Apple kicked off their annual WWDC event with their greatly-anticipated keynote, held in the historic Bill Graham Civic Auditorium in San Francisco, CA (the remainder of the conference will be held at the Moscone Conference Center in downtown San Francisco).
One of the coolest, most powerful (and sadly the least used) new features in iOS 9 is the Markup tool in Mail. This feature allows you to quickly add signatures, lines, arrows, magnification circles and text boxes to any PDF or image file with the tap of a button. Once the changes are made, another tap allows you to easily send that file via the Mail app.
This is a great tool for signing contracts, marking up documents, annotating images and more. So why aren't more people using it? Quite frankly, because I think that most people don't know that it exists! So that's why I wrote this post. To educate and encourage you to use this tool. So let's dive in!
FaceTime, GoToMeeting and Skype are great tools that help us to stay in touch with those that we care about... family, friends, colleagues, etc. The fact that we can, with the click of a button, instantly see someone else regardless of their location is a modern miracle!
With that in mind, today's post will focus (no pun intended, sort of) on the camera element of these calls. Most laptops today come with a built-in HD webcam above the display of your laptop. If not, or if you use a desktop as your primary system, there are plenty of options to add an after-market HD webcam (I prefer the Logitech HD Pro C920 camera). Even with the best cameras on the market, there may be a need to make adjustments to that camera that the built-in software can't offer.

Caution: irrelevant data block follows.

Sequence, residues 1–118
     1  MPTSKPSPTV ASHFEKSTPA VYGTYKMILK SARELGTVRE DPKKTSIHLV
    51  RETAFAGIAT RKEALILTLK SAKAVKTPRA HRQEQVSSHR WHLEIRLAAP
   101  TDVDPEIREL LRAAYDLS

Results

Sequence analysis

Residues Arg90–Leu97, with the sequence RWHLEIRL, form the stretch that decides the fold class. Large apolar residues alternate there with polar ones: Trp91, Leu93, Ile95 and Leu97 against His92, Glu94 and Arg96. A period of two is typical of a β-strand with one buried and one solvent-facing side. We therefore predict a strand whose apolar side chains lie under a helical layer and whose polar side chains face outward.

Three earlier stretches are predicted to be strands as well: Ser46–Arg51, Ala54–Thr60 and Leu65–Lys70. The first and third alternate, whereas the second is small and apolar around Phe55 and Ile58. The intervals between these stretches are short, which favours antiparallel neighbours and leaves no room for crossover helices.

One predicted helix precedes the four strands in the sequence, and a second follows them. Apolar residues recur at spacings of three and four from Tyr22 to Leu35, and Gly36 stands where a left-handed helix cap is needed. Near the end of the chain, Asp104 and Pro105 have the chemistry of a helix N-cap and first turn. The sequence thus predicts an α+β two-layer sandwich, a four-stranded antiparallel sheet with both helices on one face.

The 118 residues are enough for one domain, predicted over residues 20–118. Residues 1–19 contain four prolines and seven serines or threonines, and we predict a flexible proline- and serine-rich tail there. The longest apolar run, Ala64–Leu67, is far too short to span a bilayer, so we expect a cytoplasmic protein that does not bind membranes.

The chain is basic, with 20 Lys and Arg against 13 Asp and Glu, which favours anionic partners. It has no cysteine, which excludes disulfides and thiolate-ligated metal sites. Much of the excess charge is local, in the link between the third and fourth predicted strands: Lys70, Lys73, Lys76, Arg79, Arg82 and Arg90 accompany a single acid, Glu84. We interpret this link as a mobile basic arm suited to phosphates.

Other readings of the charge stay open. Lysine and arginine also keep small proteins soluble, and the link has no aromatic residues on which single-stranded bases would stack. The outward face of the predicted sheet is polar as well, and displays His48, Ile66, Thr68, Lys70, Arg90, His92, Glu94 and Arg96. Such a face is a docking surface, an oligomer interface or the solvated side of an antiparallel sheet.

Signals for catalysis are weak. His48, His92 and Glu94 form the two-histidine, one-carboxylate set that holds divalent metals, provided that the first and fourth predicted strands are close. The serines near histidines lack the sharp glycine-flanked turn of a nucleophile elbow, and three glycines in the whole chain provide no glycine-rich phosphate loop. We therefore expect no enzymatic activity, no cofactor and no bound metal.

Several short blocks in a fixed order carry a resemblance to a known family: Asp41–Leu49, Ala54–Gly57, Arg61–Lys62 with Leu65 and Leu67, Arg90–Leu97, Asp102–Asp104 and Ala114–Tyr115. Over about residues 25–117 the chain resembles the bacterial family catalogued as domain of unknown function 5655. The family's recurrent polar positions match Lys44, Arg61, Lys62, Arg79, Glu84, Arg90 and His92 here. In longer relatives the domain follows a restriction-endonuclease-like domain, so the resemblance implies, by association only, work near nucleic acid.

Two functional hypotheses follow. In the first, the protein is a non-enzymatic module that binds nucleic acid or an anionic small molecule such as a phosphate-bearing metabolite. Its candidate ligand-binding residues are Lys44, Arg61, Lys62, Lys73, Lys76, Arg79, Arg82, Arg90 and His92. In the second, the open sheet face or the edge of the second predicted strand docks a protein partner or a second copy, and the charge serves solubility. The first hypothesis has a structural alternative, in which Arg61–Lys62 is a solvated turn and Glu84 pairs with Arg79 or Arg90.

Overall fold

Have you ever wanted to catch someone in the act of moving your laptop with your knowledge? Laptops are portable, and friends can be mischievous, so it's bound to happen, right? Well, with this simple tip, you can now thwart their devious efforts (and have some fun at the same time)!
Today's post comes from a Dropbox user: "I've been using Dropbox for a long time and only lately noticed that it takes forEVER to upload files to Dropbox (it seems fine when downloading). Is there something I can do to speed this up??"
The short answer is yes... most likely (how's that for non-committal!). Dropbox syncing will only happen as fast as your Internet connection will allow, and keep in mind that your download speeds are usually much faster than your upload speeds (this is typical, especially for home Internet). Having said that, there is a simple change that you can make to your Dropbox settings that will give you full access to the speeds you have.
Everyone knows that in today's tech-heavy world, it's crucial that we use good, strong, hard-to-guess passwords to prevent others from accessing our personal and/or sensitive data (bank accounts, medical records, email, etc). Unfortunately, that often means using passwords that are nearly impossible to remember. As a result, we negate the entire effort by writing our password on a sticky note, and posting it on our screen.